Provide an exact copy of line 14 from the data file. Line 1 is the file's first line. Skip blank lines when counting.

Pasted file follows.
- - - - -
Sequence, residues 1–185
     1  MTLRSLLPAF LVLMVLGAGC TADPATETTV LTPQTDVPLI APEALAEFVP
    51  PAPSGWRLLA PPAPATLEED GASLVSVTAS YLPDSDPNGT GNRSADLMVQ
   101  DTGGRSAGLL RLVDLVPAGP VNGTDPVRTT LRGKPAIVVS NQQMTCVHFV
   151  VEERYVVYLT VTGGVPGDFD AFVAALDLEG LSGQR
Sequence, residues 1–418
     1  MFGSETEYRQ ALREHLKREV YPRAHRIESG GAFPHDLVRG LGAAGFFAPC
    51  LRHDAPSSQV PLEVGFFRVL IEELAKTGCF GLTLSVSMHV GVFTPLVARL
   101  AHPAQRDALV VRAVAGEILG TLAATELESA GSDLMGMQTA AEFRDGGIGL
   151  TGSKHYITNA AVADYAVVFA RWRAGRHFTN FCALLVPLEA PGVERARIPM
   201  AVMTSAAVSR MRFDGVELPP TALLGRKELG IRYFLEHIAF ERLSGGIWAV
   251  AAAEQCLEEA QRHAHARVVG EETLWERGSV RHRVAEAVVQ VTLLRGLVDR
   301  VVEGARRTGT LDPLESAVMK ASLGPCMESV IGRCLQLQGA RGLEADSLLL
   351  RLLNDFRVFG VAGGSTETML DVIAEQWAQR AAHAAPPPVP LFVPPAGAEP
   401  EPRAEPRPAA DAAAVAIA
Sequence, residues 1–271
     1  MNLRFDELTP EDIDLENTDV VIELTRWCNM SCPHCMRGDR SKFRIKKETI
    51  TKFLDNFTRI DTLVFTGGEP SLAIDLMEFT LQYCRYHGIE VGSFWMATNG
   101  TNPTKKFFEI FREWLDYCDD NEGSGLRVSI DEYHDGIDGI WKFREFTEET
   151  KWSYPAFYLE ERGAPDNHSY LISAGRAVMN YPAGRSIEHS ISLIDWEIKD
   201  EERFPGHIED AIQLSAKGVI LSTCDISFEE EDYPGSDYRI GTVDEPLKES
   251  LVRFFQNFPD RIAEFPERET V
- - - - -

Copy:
   351  RLLNDFRVFG VAGGSTETML DVIAEQWAQR AAHAAPPPVP LFVPPAGAEP